Short Course Highlights African-American History in S.J.
Galloway, N.J. – About 100 people braved a May nor’easter to learn about the history of African Americans in South Jersey at the second African American Cultural Heritage Short Course held at the Stockton Atlantic City campus on May 7.
The daylong event was built around the theme “Migration and Movement” and featured speakers, exhibits, films and a book fair, plus a guided tour of the Atlantic City mural project and the Northside.
“Despite the huge rainstorm, everyone showed up,” said Diana Strelczyk, assistant director of the Stockton Office of Continuing Studies, a sponsor of the event. This is the second African American short course and Strelczyk said she hopes to build on the event each year. The first short course was held in 2019, but COVID-19 restrictions prevented the event from being held in 2020 and 2021.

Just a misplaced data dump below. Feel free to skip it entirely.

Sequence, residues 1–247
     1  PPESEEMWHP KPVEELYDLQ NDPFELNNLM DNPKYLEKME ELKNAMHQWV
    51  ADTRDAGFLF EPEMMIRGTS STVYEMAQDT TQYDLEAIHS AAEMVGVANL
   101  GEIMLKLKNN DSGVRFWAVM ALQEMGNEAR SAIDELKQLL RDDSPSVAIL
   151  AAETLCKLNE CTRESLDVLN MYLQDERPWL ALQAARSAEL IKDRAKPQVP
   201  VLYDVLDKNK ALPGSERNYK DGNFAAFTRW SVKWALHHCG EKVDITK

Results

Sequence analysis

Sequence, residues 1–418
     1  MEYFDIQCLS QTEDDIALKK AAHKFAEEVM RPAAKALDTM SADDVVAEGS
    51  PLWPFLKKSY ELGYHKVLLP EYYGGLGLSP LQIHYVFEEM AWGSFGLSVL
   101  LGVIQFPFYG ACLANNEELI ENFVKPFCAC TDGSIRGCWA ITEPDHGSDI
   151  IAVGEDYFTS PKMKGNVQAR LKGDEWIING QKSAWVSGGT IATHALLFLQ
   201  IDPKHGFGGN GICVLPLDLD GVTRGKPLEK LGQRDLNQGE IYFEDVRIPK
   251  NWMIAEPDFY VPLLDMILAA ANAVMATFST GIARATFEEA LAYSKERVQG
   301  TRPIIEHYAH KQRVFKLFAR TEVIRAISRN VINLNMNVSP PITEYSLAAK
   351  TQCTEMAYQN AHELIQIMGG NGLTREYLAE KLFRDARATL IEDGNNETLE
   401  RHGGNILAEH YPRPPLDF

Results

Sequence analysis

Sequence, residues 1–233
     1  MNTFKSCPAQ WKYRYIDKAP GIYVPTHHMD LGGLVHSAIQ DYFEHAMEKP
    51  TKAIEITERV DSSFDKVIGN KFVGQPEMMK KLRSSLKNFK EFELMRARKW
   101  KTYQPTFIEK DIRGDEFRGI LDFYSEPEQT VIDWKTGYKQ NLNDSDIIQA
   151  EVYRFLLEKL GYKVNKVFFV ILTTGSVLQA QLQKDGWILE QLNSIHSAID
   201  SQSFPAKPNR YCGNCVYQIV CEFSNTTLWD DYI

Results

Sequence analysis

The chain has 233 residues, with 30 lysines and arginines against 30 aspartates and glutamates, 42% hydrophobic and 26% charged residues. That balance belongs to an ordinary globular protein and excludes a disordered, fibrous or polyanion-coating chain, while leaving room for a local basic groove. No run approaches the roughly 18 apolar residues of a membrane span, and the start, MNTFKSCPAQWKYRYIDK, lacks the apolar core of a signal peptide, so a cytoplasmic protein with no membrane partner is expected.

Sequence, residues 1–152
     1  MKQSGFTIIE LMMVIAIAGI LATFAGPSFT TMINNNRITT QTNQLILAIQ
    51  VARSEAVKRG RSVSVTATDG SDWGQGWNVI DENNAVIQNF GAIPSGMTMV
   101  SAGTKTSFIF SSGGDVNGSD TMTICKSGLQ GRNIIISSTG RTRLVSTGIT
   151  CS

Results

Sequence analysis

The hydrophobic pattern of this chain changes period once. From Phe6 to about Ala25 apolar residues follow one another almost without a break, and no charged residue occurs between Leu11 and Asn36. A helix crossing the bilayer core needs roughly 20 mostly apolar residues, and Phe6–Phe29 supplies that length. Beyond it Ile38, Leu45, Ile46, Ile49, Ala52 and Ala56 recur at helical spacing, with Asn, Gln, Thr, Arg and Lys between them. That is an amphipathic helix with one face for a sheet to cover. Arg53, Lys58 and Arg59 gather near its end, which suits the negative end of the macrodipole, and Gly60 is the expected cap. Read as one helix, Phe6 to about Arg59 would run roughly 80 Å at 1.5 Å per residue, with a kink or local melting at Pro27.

Keynote speaker this year was Henrietta Shelton, founder of the Chicken Bone Beach Foundation and Jazz School. Other speakers included Lester Muhammad and Kaleem Shabazz, who presented a film screening and discussion on the history of Atlantic City’s Muhammad Temple #10 from the 1940s to today. Hope Gaines from the Center for Community Arts discussed Cape May oral histories that are included in a new book.
The day ended with an interfaith panel of Atlantic City religious leaders speaking on their involvement in the city.
The event also featured a book fair and an exhibit on black churches in South Jersey provided by Ralph Hunter and the African American Heritage Museum of South Jersey. The exhibit will remain on display in the lobby of the John F. Scarpa Academic Center at Stockton Atlantic City until May 16.